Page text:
is thought to arise from divergent attitudes regarding intellectual property rights and patent policy (Sederoff and Sederoff, 1996). The academic tradition of publishing research results is incompatible with industry's proprietary and competitive concerns.
Another, related area of tension has to do with the experimental-use exemption provided for under the act, which is intended to foster freer use of patented biotechnology for non-profit research by academic institutions. Industry is resistant to the exemption, a position some analysts feel will be prejudicial to university-based science (Sederoff and Sederoff, 1996).
Yet another issue has to do with overhead costs. Bayh-Dole stipulated that an industry entering into partnership with an academic institution would cover overhead costs. Recently, however, industry concerns with cost cutting have generated some unwillingness to pay all overhead costs (Terry, 1996). There are also many issues surrounding the appropriate allocation of funds that require clarification.
All these issues suggest that there is a need for further refinement of guidelines for collaborative agreements of the sort contemplated under the act (Schimmel, 1996).
Schimmel P. A two-way street between the university and the biotechnology enterprise. Journal of NIH Research 8(8):41-43, 1996.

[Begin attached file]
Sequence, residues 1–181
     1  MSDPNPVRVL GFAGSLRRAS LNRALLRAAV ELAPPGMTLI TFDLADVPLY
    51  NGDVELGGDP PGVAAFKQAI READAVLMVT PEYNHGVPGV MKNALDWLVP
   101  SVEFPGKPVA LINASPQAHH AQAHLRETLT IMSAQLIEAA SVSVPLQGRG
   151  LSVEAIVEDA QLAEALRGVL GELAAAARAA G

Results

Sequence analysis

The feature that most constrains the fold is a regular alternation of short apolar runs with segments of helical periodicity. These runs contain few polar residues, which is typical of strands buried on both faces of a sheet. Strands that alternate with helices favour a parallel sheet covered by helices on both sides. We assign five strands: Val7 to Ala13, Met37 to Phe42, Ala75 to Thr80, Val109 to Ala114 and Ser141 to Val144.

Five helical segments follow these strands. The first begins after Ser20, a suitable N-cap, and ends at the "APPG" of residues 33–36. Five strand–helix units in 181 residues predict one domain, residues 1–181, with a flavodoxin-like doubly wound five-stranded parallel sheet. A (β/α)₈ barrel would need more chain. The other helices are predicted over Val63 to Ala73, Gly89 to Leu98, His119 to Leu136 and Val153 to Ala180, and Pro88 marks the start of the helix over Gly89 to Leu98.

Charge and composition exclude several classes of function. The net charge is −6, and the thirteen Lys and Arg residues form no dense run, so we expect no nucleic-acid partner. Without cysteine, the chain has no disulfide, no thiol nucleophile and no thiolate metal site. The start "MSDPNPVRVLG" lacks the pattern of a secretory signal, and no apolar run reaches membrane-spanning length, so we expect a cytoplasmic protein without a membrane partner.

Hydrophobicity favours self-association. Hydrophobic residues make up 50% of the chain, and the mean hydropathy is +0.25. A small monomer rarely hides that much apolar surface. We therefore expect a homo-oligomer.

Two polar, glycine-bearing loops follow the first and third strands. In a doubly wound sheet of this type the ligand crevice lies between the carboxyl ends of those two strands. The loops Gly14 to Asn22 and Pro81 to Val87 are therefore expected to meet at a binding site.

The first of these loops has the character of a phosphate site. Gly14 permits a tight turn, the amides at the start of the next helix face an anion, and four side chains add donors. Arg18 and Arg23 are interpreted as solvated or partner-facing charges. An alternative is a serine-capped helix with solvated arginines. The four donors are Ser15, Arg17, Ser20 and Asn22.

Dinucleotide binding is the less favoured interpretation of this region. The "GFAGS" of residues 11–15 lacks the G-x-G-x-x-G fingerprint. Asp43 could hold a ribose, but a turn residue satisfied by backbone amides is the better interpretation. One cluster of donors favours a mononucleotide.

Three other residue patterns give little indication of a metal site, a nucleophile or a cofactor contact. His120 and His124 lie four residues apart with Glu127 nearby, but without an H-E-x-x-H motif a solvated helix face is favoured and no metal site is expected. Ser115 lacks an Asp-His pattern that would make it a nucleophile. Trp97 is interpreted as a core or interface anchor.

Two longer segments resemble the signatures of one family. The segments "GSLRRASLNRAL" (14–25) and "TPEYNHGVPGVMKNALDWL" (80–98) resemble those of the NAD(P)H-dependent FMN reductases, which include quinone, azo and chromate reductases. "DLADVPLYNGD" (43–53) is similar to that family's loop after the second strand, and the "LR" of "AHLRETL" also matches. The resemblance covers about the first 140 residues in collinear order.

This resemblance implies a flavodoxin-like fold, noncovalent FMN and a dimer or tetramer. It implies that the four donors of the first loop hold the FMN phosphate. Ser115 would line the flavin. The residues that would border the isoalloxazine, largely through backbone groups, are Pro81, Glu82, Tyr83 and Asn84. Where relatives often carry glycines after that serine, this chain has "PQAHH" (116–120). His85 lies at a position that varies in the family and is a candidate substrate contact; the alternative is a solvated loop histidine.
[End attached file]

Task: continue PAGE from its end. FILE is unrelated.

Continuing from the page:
Sederoff R, and M Sederoff. Taq polymerase and the experimental-use exemption. Journal of NIH Research 8(8):43-44, 1996.
Sherman C, and S Englund. When the feds share the tab. Legal Times, 15 May 1995. (Lexis-Nexis, Allnews, Bayh-Dole).
Terry WD. The academic-industrial complex: Doing well and doing good. Journal of NIH Research 8(8): 39, 1996.
In 1983 Congress amended the federal Food, Drug, and Cosmetics Act with the Orphan Drug Act (ODA/PL 97-414). The ODA was created to provide incentives for companies to develop therapies that otherwise would not be commercially viable because they are needed only by a relatively small number of patients. The act was intended to prompt the pharmaceutical industry to develop drugs for use against rare diseases affecting fewer than 200,000 people in the United States. The incentives for industry include research grants, a 50-percent income-tax credit on most clinical research expenditures, assistance with FDA approval, and exclusive license to market the product for 7 years immediately